Malaysia’s economic performance does not make headlines like it used to, but that does not mean that the economy is not still chugging along nicely.
In fact, with the exception of difficult periods following major shocks such as the 2008 Global Financial Crisis, Malaysian GDP growth has performed well over the last decade, averaging about 5% since late 2010. The latest data for the third quarter showed GDP growth of 5.2%. These rates, while not as spectacular as China’s, are nonetheless extremely encouraging when compared to the developed nations of Europe and North America. Furthermore, domestic demand (a key strength in a world of insufficient demand) grew 11.4% from July to September of this year, mitigating what would have been a far worse slowdown resulting from global difficulties.
Indeed while the gloomy external situation, including the EU debt crisis and a sluggish U.S. economy, has moderated Malaysia’s trade surplus somewhat this year, the country has still managed to produce a surplus year after year. Like many nations afflicted by the 1997 Asian Financial Crisis, Malaysia’s balance of trade, following the devaluation that year, has remained positive since recovering in 1998.
Unemployment has moderated following a 2008-2009 jump, generally improving and reaching 3.3% in September of this year. Third quarter inflation came in at just 1.4%, and even the inflationary spike of last year didn’t see rates hit 4% year-on-year (YonY).
Hong Kong papers recently pondered why the Kuala Lumpa exchange this year has been the most active Asian market besides Japan in terms of Initial Public Offerings (IPOs). Hong Kong, Singapore and the Chinese mainland have lagged far behind. Meanwhile Malaysia is planning to diversify its export sectors to further protect the economy from the dangers of overreliance on foreign demand for manufactured goods.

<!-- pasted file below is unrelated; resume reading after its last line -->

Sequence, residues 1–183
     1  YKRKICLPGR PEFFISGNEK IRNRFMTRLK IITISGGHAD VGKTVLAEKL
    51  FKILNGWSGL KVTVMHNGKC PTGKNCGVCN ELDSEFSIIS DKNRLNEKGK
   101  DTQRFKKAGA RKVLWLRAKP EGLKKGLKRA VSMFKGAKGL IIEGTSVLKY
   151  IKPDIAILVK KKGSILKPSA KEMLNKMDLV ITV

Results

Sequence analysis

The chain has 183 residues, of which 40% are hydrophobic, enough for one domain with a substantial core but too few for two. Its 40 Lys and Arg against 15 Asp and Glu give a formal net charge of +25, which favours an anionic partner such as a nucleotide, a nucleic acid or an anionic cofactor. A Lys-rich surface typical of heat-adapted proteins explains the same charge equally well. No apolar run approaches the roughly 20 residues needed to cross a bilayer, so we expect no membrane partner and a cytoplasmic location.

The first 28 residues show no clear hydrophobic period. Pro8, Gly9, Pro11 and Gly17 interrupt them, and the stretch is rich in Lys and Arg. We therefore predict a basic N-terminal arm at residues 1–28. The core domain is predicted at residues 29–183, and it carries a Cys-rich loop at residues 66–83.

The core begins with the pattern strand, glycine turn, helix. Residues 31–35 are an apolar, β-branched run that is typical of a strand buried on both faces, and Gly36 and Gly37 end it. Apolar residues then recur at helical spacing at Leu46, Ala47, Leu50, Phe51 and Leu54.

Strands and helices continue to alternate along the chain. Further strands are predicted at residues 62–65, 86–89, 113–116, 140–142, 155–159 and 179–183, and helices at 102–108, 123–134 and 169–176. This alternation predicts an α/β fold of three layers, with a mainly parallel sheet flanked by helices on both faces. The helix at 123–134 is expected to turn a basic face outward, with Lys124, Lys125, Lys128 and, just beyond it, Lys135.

One structural challenge for Malaysia going forward is to increase labor productivity. Malaysia led developing Asia in terms of GDP per person in 1950, but was eclipsed by both Taiwan and South Korea in the 1970s. Taiwan last year had more than double the productivity of Malaysia when measured this year, whilst South Korean workers’ productivity was higher by more than a third. Malaysia is aiming to increase productivity (measured by Gross National Income per person employed rather than GDP per person employed) from $9,500 to $15,000 by 2020. If Malaysia can achieve this goal, it would mean that the country will have at long last emerged from the so called “middle-income trap”.
Whilst it looks like finally Malaysia may be on course to escape “middle income” status, the predicament is called a trap for a reason. Early gains in a developing nation, including exploiting cheap labor and resources, allow productivity and incomes to grow to middle levels. Most emerging markets get stuck at this level or even regress (as Brazil has done recently) because to climb higher requires different, more complex changes which must also be maintained for decades – including the development of high quality soft infrastructure (including education), a predictable business climate, and a young population. These include strong regulatory bodies free of corruption and willing to combat it elsewhere, universities with global reputations, advanced hospitals and elites willing to allow such reform. Many countries encounter social and political resistance if such reforms are attempted, or suffer from stresses resulting (perversely) from their preceding strong growth.
Malaysia is not alone in trying to escape this trap. China, Sri Lanka and Thailand currently lead Indonesia and the Philippines in terms of GDP per person employed. Brazil is ahead of all of them, but is moving in the wrong direction, with productivity falling since the investment heavy growth model slowed down in the 1970s. The question, then, is whether Malaysia can buck this trend?